By Lee Man Xin, Class of 2016
Q: Introduce your name, course of study and what you did in your undergraduate studies.
A: Hey there! My name is Lee Man Xin and I am a first year medical student here at Duke-NUS’s MD program. I graduated with a B.Sc. in Biomedical Science from Nayang Technological University, here in Singapore.
Q: What inspired you to embark on a career in medicine?
A: Medicine has always been a part of my life. My mother works as a nurse and she has been an inspiring figure – it is hard not to when as a child you witness her helping strangers in need. My clinical attachment and translational research experience at the Singapore Eye Research Institute (SERI) further cemented by decision and before long I sat for the MCAT and here I am.
During my third year undergrad I had the opportunity to work with Dr Louis Tong and his team at SERI and that cemented my interest in medicine as a career.
Q: Tell us more about a day in the life as a first year medical student.
A: It is 7:30 in the morning. I’m running on a threadmill in the SGH gym for the past 20 minutes and I am about to drop. Soon I will be heading to the showers next to the gym to wash up, and before long I will land myself a tasty bite of Narambi’s (the cafeteria in Duke-NUS) red bean bun for breakfast.
SGH staff gym is pretty well equipped and is free for Duke-NUS students to use!
There is still a bit of material left to revise before the quizzes come and I have to hurry before class starts at 9am. By class I actually meant the quiz itself. The peculiar thing about Duke-NUS is that most of the time you spend in school would be centred on Before Module Quizzes (BMQs), Individual and Group Readiness Assessment (IRAs and GRAs) as well as the famed TeamLEAD application exercise. Lectures are mostly presented on hard disks that are pre-recorded in Durham and you have to go through them at your own time; playing them on 2x speed really helps save time!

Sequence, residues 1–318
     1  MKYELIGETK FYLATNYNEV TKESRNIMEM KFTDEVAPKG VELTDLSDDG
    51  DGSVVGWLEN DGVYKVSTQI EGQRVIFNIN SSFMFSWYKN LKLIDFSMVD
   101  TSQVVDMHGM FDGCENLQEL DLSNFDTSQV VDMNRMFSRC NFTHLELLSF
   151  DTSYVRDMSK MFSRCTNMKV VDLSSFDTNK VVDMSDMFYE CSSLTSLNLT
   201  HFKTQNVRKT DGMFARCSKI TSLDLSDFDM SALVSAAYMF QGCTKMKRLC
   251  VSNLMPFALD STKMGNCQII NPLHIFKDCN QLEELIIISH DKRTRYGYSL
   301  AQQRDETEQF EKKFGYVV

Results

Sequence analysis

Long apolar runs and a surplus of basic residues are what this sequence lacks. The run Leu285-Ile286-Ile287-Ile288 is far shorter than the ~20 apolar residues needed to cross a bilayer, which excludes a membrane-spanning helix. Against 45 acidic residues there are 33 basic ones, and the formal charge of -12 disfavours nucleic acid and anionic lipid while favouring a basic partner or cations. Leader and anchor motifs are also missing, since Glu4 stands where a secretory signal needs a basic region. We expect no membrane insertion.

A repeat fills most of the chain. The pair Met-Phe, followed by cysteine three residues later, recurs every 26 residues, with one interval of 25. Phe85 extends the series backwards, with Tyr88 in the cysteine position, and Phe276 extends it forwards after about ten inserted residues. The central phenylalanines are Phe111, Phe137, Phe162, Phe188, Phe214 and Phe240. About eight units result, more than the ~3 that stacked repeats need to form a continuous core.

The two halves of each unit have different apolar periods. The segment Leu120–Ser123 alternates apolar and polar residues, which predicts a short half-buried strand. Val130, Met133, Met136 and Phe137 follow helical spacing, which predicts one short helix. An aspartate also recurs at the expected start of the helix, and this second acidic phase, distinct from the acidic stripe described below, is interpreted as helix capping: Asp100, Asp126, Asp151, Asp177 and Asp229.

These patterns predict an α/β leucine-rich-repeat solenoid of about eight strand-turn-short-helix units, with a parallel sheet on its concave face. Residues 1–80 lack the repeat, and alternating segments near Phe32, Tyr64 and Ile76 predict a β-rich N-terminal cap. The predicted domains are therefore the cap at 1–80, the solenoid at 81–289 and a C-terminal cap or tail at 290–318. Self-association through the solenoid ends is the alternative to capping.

The calm before the storm – once the clock strikes 9am, the timer starts.
But do not be mistaken, practicing clinicians still provide didactics to supplement clinical correlations. The experiences the faculty members bring in is crucial to your understanding of some of the most abstract concepts in medicine. For example, ultrasound imaging used to be an abstract art of many shades of grey, but now has turned into a valuable diagnostic tool in answering many questions in disease condition.
Dr Reginald Liew and a medical technologist from National Heart Centre Singapore explain the use of ultrasound imaging in diagnosing valvular heart disease.
In some courses, we will be having more hands on lab sessions. These lab sessions can be as simple as slapping ECG leads on each other, to the more complicated anatomical dissection in the clinical skills lab. Cadaveric dissection is probably one of the highlights for the year 1 medical student in Duke-NUS. It is presented by means of actual surgical procedures rather than the standard dissection method employed by anatomist, so the learning is very applicable and at the same time comprehensive.
For lunch breaks, depending on how much one wishes to travel, the Outram campus area has many hidden food paradises waiting to be discovered. But if it rains, there is always the cafeteria within Duke-NUS; on special days perhaps some pizza delivery.
Beef brisket from a nearby Chinese restaurant
Narambi – Lunch cafteria at Duke-NUS, prices are cheap, but you better get there before 1.30pm – there will be very little dishes left there after.
Sarpinos after a gruelling week of RAs.
After class ends at around 5pm, most of us would be travelling home. I prefer the environment in school so I usually stay behind to study. Various rooms are available for self-study and anatomical models are readily available for students to use.
Some of my favourite models at… work?
Q: Describe how the Practice Course sessions have helped you to learn the basic clinical skills of a doctor.